Surviving a recent divorce isn’t easy at any time of year – but during the winter holidays, it can seem impossible. Your children may be struggling to readjust after your divorce and navigating custody and visitation arrangements during the holidays can make it even harder.
Here’s how to save your happy holidays, support your kids, and keep yourself together during a tough time.
Keep cherished traditions
It can be hard to picture your family carrying out its annual Christmas tree-trimming or nightly menorah-lighting traditions when you’re in the midst of a split. But skipping all your former holiday traditions isn’t just unnecessary – it can be actively harmful. Children in particular need the comfort of knowing that even though their parents are separating, the life they know and love will still go on.
Even if you need to scale back your holiday festivities this year due to time, budget, or emotional constraints, keep the traditions that matter most to you and your children. You’ll give yourself a moment of calm in an otherwise stressful time.
Consider starting a new tradition
Although it’s important to keep the parts of the holidays you love most, a change in your family’s make-up is also a good time to try incorporating new traditions. If your children are going to be with their other parent for a holiday event, you might begin a tradition of sending along one present from you for them to open. If you’ve always cooked together as a family for a special night, perhaps you can move the event to a more convenient time or combine with a friend’s family for extra fun.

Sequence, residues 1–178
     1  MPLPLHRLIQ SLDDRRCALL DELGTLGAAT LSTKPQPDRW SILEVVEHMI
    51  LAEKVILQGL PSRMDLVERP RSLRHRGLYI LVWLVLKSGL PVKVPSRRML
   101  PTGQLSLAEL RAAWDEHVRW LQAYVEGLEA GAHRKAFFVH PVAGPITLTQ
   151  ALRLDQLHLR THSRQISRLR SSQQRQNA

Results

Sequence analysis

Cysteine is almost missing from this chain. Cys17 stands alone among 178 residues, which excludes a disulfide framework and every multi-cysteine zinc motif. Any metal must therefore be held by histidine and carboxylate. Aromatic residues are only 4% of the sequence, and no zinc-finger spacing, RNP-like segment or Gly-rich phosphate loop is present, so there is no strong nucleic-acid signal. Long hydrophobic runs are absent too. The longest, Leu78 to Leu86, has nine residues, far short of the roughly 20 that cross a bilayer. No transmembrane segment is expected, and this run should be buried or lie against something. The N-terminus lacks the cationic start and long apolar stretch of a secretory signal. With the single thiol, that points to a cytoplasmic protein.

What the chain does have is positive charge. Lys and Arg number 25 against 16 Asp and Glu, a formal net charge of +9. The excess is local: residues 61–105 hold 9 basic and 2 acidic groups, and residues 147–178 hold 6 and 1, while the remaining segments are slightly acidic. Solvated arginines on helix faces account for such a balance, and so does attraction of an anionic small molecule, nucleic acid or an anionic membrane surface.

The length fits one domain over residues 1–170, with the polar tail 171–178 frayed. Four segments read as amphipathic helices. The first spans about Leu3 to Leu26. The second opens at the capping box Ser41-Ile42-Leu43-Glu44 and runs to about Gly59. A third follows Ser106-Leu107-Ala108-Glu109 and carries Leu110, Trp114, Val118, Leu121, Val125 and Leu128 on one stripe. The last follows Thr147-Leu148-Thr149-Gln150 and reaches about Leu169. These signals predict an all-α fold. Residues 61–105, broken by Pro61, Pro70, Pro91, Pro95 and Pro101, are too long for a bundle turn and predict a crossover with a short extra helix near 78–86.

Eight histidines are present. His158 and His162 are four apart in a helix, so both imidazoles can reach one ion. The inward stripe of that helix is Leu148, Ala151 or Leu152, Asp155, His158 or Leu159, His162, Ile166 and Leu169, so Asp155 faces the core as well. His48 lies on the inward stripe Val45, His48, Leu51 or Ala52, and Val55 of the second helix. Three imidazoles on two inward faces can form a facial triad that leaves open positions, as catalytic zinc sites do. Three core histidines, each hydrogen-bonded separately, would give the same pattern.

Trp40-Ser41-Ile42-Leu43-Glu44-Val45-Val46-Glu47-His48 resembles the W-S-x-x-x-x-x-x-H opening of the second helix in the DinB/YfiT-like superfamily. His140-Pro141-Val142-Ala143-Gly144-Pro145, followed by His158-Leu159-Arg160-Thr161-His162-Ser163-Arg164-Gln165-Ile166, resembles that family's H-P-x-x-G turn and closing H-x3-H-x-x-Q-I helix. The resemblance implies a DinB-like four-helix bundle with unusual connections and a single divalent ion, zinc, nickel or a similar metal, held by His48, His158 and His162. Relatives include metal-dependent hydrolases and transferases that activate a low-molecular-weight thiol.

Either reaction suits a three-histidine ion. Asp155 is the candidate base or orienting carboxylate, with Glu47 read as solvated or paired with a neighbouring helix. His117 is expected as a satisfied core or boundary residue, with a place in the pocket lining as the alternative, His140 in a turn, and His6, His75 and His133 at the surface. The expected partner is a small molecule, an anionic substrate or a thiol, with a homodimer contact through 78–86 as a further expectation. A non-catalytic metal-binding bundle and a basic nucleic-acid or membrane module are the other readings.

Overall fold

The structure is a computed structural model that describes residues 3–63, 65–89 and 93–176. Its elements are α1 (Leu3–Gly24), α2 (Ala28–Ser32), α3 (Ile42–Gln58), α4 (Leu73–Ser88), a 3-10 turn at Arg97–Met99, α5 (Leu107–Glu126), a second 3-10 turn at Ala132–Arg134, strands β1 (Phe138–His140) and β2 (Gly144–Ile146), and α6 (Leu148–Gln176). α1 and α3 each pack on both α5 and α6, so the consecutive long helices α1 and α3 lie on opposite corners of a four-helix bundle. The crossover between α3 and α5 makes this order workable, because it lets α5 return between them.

Don’t try to go it alone
If your ex has left the house and has the kids for the holiday, don’t try to spend the day alone. Instead, make plans to spend time with family members you like or close friends who love and support you. Surround yourself with people who will help you enjoy the season, rather than dwelling alone on the differences between this year and last.
Choose friends and family members who will help get you engaged in celebrating and keep your spirits up. If you don’t have anyone locally who meets this description, consider finding a volunteer activity or event to help with over the holidays. You can make your season brighter by brightening someone else’s holidays as well.
Feel your feelings – and let your children feel theirs
It’s okay to mourn what you’ve left behind. It’s also okay – and healthy – for your children to express their feelings as well. When you make a “safe space” for your kids to express their feelings and give yourself permission to feel sad, angry, or lonely, you speed the healing process and move yourself and your family closer to having a different, but equally happy, holiday season.
Are you considering divorce or separation? Make sure you have an experienced lawyer on your side to protect your interests and help you navigate the process in the best way for yourself and your children